The American Medical Association (AMA) has adopted policies aimed at shaping the development of artificial intelligence systems and their integration into healthcare, according to several releases from their annual meeting.
AMA’s recommendations are intended to ensure practicing physicians are involved in the development of AI applications and receive the training needed to use them effectively.
The policies seek to make developers of autonomous AI applications, not physicians, liable for medical errors involving the technologies.
With more than two-thirds of healthcare executives predicting artificial intelligence will have a big effect on their organizations over the next three years, the relationship between physicians and technologies looks set to change in the near- to mid-term.
To prepare for (and influence) those changes, AMA adopted a raft of policies and recommendations at its annual meeting. Some of the policies center on physician training while others deal more broadly with the development, adoption and oversight of healthcare AI systems.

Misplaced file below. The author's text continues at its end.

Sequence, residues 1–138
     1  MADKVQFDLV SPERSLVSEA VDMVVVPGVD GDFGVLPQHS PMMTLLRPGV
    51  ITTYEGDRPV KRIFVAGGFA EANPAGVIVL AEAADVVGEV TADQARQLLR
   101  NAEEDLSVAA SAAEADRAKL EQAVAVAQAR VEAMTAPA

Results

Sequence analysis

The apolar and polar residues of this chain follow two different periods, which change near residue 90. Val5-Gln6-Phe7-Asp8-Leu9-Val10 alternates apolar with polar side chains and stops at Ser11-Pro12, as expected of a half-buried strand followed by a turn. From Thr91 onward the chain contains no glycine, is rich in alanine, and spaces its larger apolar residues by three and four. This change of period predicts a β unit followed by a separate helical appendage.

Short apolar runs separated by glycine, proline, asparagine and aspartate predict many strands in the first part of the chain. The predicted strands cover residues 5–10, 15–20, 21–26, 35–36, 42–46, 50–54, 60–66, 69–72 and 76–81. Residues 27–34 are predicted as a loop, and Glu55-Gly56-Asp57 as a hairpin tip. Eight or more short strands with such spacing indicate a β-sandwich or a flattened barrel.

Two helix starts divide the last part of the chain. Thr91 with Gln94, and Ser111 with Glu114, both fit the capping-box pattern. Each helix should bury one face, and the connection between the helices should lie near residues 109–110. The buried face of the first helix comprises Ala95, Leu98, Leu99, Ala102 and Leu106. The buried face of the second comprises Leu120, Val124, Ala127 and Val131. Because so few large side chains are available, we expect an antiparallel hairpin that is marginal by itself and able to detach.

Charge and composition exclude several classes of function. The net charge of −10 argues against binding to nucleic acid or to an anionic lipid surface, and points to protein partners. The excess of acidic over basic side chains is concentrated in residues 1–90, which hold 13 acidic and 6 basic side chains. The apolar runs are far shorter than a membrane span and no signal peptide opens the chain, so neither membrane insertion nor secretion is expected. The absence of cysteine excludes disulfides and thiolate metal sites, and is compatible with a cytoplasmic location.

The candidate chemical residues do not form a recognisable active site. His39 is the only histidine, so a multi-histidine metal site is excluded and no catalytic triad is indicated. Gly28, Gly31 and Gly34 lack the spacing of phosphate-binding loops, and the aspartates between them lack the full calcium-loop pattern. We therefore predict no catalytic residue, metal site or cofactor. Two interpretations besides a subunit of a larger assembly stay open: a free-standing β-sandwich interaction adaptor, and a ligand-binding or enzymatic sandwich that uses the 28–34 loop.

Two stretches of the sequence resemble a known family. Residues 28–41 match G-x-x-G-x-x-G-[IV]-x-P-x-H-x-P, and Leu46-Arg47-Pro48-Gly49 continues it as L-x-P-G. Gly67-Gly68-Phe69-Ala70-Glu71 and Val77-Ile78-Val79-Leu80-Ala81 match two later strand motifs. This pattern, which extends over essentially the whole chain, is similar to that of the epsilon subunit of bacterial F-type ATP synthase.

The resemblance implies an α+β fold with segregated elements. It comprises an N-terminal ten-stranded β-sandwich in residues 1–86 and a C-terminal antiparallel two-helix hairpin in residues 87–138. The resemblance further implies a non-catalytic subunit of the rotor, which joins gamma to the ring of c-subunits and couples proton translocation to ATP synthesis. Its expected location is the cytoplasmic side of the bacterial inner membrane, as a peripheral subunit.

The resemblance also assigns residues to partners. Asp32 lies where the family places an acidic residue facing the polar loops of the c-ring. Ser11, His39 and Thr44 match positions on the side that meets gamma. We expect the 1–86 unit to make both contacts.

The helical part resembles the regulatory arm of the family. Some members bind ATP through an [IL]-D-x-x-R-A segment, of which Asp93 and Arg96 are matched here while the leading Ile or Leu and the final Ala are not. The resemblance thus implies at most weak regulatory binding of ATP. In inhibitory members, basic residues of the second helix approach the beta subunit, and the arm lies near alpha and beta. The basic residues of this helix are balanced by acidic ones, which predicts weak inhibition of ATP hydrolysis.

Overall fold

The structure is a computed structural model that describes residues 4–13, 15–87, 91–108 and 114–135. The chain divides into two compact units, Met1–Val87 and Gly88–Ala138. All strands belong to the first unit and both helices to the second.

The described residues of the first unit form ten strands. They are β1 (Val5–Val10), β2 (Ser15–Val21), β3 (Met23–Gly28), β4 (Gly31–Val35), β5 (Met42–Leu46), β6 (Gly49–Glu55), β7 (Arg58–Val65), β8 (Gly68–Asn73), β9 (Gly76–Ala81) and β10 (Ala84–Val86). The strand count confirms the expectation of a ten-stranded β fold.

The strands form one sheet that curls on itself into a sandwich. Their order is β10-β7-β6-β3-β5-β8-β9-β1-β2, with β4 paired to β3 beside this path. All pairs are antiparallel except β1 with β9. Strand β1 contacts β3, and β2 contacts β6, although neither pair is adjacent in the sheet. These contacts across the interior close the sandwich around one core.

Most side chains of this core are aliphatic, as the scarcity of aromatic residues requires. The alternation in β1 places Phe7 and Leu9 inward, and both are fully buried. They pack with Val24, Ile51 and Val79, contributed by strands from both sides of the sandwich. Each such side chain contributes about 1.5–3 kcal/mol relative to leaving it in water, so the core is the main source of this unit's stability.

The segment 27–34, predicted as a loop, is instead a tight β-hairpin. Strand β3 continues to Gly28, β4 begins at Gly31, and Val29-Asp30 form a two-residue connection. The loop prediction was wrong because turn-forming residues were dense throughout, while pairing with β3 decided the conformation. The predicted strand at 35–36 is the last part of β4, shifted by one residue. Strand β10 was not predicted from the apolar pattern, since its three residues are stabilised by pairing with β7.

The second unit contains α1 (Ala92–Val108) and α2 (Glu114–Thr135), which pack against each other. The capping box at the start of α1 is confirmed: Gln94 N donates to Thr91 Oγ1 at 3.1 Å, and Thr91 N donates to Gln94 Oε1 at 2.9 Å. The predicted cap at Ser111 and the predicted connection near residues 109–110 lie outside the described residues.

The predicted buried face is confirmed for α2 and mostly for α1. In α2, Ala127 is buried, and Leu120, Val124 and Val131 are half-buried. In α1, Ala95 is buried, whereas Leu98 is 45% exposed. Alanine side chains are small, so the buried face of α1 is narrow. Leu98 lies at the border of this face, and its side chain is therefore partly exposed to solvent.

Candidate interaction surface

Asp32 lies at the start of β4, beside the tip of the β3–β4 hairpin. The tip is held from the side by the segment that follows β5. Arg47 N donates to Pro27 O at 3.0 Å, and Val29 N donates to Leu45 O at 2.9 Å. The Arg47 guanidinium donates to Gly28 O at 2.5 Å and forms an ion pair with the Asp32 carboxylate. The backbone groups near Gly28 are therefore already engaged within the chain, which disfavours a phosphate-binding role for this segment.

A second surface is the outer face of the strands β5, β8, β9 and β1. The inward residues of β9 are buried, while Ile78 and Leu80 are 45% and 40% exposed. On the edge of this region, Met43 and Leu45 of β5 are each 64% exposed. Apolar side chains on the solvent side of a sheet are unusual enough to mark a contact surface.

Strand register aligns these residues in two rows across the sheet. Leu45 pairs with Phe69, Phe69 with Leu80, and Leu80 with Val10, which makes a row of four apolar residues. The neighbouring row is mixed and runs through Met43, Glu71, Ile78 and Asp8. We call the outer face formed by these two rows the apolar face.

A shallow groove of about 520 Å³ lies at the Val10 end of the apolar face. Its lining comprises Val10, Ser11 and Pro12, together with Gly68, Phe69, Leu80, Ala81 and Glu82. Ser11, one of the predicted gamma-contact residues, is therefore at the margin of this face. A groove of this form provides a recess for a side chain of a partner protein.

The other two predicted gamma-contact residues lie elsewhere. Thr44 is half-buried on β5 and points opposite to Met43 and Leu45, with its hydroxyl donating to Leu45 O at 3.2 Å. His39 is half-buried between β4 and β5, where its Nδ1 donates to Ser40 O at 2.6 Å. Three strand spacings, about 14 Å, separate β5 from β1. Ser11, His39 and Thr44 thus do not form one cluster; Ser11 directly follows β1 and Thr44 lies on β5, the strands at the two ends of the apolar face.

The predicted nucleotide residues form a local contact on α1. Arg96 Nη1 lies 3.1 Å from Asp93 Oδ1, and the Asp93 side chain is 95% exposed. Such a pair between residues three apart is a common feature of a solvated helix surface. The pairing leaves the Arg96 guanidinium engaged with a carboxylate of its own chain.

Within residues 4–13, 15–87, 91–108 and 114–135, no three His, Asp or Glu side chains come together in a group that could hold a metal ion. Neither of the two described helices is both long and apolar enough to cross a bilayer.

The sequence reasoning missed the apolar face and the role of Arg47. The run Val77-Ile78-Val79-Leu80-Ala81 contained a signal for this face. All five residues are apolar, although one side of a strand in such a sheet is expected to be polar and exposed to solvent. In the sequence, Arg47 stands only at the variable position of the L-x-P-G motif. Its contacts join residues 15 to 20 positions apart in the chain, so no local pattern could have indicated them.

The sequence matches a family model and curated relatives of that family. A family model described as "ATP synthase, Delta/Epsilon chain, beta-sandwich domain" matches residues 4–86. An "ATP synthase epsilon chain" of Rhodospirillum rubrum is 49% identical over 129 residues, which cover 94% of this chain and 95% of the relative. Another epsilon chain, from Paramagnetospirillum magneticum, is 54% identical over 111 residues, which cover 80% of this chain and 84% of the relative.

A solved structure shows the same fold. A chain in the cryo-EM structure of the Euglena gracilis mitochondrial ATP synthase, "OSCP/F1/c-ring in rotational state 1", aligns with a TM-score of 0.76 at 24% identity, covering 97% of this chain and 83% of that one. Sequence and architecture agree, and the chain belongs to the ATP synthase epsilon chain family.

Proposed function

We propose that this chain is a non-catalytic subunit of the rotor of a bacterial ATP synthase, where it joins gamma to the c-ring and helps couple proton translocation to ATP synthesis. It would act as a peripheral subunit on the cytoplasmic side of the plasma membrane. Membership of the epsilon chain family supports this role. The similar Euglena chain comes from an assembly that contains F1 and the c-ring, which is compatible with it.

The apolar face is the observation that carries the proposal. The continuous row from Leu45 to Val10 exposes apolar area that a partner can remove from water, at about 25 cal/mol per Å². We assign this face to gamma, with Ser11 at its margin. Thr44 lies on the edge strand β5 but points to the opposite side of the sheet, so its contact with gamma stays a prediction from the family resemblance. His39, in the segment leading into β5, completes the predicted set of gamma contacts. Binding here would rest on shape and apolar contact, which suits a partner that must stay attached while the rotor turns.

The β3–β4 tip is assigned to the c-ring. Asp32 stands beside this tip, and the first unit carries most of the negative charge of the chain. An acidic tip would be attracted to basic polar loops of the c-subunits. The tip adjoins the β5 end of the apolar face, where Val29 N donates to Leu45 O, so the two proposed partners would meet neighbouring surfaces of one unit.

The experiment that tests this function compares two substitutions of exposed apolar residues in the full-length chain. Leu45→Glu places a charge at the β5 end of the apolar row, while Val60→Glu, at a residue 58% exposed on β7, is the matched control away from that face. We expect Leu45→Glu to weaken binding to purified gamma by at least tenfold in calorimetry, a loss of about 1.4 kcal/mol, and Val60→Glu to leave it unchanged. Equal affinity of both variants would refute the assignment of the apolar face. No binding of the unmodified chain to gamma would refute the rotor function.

Both sets of policies feature points relevant to developers of AI systems. Having adopted the policy recommendations, AMA will advocate for AI developers, not physicians, to be held accountable when problems arise from the use of the technology, given AI developers "are in the best position to manage issues of liability arising directly from system failure or misdiagnosis."
While AMA is clear on who should be responsible, other authorities are still debating the topic. At a European Commission on Civil Law Rules and Robotics meeting earlier this year, a European politician asked, "who will be responsible if the robots make a mistake in surgery or if an autonomous car crashes," adding that the issues pose new challenges for regulators.
AMA wants to see policies enacted that reduce the risk of AI applications that cause harm coming to market. The medical association is advocating for regulations "based on risk of harm and benefit" and reimbursement decisions that factor in safety, efficacy, privacy and security. AMA thinks payer coverage should help physicians transition to new systems and offer them chances to give feedback, adding that nobody should be penalized for not using AI while the situation is "in flux."
The training policies seek to ensure physicians who want to use AI are equipped to do so. Specific AMA policies include a push for the provision of educational materials to "guard against inadvertent dissemination of bias that may be inherent in AI systems."